Disinfection of water with Ozone.
Ozone is the strongest chemical disinfectant and its use in water treatment is becoming more and more common. Ozone (O3) is an allotrope of oxygen with three oxygen atoms. The word ozone comes from the Greek ozein, which means "to smell." Ozone in the air has a very characteristic odor, this is detectable by most people in concentrations greater than 0.1 ppm.
Dissolved in water, ozone begins its decay process and forms hydroxyl radicals (HO ·), these also react with microorganisms to inactivate them. However, the action of the direct reactions of ozone with pollutants has a higher disinfection performance than the hydroxyl radical. For this reason, the addition of a residual concentration of this is recommended to ensure the integrity of the water.
The reaction with which ozone inactivates the microorganisms present in water is an oxidation in which oxygen, water and inactive microorganisms are generated:
Ozone is unstable (explosive) in high concentrations (> 23%) and under ambient conditions it degrades easily. Therefore, unlike chlorine gas, ozone cannot be stored in pressurized tanks. This can be generated by photochemical, electrolytic and radioactive methods. The most common method is corona discharge. In this method, oxygen is passed through an electric field, which is generated by applying a high-voltage potential across two electrodes separated by a dielectric material (Figure 1). As oxygen molecules pass through the electric field, they break into highly reactive oxygen ions (O ·), these radicals react with each other to form ozone molecules. The thickness of the gap through which the gas stream (rich in oxygen) passes is 1 to 3 mm.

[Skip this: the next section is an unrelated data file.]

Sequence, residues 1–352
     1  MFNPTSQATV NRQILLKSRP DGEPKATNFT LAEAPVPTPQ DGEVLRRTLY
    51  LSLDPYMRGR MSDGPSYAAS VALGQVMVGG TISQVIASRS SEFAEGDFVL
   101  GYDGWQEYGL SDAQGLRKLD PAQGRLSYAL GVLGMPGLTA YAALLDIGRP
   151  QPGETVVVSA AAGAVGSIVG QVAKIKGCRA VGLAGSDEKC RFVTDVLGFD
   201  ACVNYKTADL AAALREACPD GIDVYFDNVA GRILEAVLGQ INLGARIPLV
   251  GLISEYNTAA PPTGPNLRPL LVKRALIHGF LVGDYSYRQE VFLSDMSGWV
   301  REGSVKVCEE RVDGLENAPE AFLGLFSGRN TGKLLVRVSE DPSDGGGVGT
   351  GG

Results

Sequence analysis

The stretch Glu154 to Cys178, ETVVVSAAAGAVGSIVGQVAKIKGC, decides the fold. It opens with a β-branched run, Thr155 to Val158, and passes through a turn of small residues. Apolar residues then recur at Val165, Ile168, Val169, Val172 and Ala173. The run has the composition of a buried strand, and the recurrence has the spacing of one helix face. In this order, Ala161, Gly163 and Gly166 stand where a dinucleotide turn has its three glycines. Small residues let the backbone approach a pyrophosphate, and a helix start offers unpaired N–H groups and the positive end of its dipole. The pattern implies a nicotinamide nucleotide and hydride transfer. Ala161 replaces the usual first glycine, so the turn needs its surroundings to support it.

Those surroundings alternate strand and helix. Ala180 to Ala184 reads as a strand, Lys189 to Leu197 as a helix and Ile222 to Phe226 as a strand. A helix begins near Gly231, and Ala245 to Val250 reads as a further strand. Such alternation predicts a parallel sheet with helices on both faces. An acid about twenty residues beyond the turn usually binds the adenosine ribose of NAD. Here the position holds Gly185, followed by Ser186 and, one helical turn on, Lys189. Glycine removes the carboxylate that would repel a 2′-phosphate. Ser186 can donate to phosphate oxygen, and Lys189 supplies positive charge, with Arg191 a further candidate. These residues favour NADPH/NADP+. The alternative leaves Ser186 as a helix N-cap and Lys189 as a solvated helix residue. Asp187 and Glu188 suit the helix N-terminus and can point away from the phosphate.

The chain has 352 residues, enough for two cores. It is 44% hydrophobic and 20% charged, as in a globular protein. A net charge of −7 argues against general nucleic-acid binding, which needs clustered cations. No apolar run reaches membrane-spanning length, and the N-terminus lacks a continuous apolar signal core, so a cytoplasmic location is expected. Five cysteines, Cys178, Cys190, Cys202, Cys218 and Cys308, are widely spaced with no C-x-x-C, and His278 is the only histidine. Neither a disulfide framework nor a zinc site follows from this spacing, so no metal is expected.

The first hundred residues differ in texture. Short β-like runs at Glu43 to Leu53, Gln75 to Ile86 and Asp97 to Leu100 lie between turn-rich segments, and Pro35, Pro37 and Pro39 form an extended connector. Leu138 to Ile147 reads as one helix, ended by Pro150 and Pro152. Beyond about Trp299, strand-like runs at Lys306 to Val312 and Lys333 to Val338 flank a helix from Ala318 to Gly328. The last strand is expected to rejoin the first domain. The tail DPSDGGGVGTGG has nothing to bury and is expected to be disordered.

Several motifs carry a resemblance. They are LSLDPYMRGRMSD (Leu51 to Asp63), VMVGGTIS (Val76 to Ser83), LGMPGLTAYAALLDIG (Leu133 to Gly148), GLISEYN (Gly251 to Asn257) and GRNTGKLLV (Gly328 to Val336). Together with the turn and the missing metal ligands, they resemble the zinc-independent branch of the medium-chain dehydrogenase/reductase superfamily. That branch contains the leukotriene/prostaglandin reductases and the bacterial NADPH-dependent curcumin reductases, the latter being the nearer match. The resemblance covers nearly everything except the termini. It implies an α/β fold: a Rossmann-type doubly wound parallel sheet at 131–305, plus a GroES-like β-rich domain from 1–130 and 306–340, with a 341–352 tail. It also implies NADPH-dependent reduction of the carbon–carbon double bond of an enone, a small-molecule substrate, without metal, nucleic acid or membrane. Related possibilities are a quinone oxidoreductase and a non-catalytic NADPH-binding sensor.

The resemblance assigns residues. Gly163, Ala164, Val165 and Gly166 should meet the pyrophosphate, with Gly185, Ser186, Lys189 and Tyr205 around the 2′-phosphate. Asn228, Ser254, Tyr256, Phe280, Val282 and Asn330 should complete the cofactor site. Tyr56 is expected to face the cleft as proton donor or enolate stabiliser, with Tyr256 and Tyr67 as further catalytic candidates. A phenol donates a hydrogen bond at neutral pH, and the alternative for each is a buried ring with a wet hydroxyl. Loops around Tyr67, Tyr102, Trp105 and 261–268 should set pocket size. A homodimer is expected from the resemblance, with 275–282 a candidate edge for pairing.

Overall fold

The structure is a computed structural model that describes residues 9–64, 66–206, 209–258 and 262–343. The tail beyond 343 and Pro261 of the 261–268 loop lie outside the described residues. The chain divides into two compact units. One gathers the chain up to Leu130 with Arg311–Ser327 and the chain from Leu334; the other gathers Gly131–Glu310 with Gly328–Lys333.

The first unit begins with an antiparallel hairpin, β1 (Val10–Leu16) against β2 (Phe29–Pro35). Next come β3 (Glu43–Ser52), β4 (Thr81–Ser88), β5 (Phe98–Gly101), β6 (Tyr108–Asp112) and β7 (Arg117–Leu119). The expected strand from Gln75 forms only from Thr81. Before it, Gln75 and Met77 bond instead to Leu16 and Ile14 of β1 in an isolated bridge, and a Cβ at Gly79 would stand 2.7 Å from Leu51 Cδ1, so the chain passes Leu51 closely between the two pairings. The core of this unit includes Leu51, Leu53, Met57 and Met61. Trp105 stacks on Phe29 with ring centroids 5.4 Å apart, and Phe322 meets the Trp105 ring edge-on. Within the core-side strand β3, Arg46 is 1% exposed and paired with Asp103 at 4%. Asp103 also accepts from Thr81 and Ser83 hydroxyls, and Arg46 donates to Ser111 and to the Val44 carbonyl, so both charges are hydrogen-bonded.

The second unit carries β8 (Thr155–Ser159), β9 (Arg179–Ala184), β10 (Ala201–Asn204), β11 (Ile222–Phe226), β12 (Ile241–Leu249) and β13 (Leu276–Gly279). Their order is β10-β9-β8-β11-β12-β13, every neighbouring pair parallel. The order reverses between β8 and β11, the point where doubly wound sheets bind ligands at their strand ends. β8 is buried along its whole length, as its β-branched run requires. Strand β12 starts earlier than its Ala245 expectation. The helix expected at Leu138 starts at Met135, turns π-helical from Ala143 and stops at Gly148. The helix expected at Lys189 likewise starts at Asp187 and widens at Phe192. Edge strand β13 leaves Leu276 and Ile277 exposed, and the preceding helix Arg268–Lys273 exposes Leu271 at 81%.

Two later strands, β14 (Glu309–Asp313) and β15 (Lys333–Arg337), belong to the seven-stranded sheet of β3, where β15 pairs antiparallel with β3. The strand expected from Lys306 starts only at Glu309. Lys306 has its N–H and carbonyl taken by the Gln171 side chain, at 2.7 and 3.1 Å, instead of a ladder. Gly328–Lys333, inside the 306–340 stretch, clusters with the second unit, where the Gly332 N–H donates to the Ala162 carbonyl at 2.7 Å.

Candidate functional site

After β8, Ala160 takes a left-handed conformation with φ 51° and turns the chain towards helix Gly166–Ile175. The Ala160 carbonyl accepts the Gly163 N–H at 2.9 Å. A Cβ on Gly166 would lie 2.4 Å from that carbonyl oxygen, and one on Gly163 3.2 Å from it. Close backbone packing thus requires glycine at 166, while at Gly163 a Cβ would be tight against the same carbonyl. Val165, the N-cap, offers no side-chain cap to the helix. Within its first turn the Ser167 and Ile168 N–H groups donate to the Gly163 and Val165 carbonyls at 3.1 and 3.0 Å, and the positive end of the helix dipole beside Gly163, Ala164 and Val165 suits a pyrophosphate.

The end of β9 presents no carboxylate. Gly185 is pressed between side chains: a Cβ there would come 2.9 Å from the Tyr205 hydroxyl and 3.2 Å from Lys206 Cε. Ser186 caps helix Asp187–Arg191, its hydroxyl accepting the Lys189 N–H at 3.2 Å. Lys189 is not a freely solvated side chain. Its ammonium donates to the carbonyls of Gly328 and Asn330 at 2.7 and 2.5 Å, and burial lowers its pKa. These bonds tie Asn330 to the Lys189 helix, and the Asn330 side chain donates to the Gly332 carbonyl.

Figure 1. Ozone generation by corona discharge.
Since most of the energy in ozone generation is lost as heat, cooling the ozone generator is necessary to avoid overheating that causes ozone decomposition. The cooling process is accomplished by running cold water close to the ground electrode.
Ozone can be generated from oxygen in the air or from pure oxygen. The most accessible source to generate it is ambient air, which contains about 21% of oxygen by volume. However, this has been superseded by liquid oxygen, except for remote plant systems.
Ozone injection system.
Previously, the most common system for dosing ozone in water was to use a container with a porous diffuser at the bottom, which was responsible for bubbling the ozone and this in turn made contact with the water throughout the entire column. Recently, the injection system and the contact system are designed separately. For the dosing system a venturi injector is used, connected in the line with a bypass (Figure 2), after injecting ozone into the line, it is directed to a contact chamber where disinfection reactions are carried out. These chambers can be pipe systems, coils, or baffles.
Figure 2. Bypass arrangement for in-line venturi installation.
Last update 02/12/2020